The British Authorities at Calcutta were reluctant to invade the Naga Hills because of its dense forests and bad communications. But when the British came to know that the King of Manipur was in favour of extending his kingdom over the Naga tribes, the British became cautious. This compelled the British to enter into the Naga areas. After this, the British led various expeditions but were not successful. But the Nagas never forgot what the British had done to them. They decided to take revenge and throughout the 19th century, there was constant fighting. All these caused the British to decide to use their superior forces to annex the Naga areas to their empire.

The Nagas fought bravely to defend their fatherland but their weapons were no match for the technologically superior British weapons. The British formed a new district known as Naga Hills in 1866. This became a district of Assam.

8. Write a short note on the Battle of Kohima.

Answer: The Battle of Kohima was fought between the Imperial Japanese Army and the Allied troops. The forces of Japan invaded India in early 1944. On the 4th April 1944, the first contact between the Allied troops and the Japanese army took place at Aradura, Kohima (now the site of the Cathedral). By 5th April, Kohima was surrounded by the Japanese forces. The Japanese Army numbering more than 10000 men slowly encircled Kohima and established posts at different locations. The Allied troops were slowly pushed up towards the Garrison Hill (now Raj Bhavan) and fierce battles were fought. There were shortages of ammunition and food supply as the only road from Dimapur to Kohima was cut off outside Zubza. Many noncombatants (clerks, drivers, cooks) had to take up rifle and fire at the enemy to defend themselves. The 2nd Division of the British Army reached Kohima on the 18th April and slowly drove away the Japanese forces. The casualties on both sides were very heavy. In the Kohima War Cemetry lies buried the gallant defenders of Kohima. There are 1421 graves of Christians, Muslims, Hindus, and Jews.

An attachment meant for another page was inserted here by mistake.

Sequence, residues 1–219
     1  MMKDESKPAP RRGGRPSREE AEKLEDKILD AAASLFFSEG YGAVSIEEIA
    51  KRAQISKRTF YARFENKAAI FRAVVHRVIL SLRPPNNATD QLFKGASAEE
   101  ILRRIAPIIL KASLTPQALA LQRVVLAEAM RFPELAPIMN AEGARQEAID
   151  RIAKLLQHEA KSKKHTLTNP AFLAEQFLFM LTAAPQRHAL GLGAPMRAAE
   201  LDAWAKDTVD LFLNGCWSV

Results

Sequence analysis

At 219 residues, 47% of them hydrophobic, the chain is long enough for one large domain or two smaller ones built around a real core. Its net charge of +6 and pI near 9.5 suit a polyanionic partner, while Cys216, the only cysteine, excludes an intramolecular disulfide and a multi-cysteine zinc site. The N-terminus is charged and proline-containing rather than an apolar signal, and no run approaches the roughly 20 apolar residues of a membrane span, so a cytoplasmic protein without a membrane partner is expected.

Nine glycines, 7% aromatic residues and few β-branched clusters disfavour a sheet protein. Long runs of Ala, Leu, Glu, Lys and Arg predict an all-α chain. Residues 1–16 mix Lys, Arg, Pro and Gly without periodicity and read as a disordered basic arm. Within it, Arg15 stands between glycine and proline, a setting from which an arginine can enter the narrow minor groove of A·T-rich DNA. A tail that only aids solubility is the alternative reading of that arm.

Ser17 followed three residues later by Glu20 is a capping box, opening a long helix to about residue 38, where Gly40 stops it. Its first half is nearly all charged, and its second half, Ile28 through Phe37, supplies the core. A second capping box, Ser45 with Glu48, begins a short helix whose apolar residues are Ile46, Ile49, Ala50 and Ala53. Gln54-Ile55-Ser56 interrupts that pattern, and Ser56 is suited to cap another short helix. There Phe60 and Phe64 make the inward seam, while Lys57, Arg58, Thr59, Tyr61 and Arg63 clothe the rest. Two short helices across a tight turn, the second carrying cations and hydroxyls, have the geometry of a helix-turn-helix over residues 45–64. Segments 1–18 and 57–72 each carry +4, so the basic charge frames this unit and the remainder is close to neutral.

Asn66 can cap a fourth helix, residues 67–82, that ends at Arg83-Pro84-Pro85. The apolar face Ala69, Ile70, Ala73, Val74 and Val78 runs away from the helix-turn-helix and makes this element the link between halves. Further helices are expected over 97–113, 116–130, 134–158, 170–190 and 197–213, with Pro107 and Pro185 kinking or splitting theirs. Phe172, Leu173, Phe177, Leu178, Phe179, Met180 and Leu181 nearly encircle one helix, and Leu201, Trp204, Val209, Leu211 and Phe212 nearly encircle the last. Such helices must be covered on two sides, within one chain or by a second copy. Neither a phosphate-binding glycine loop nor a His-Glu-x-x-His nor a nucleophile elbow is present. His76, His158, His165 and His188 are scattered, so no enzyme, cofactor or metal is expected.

At the bottom of the Kohima War Cemetry is the memorial of the 2nd Division with the names of the soldiers who gave their lives in the Battle of Kohima inscribed on stone panels. The famous epitaph on the memorial says “When you go home, tell them of us and say, for your tomorrow we gave our today”.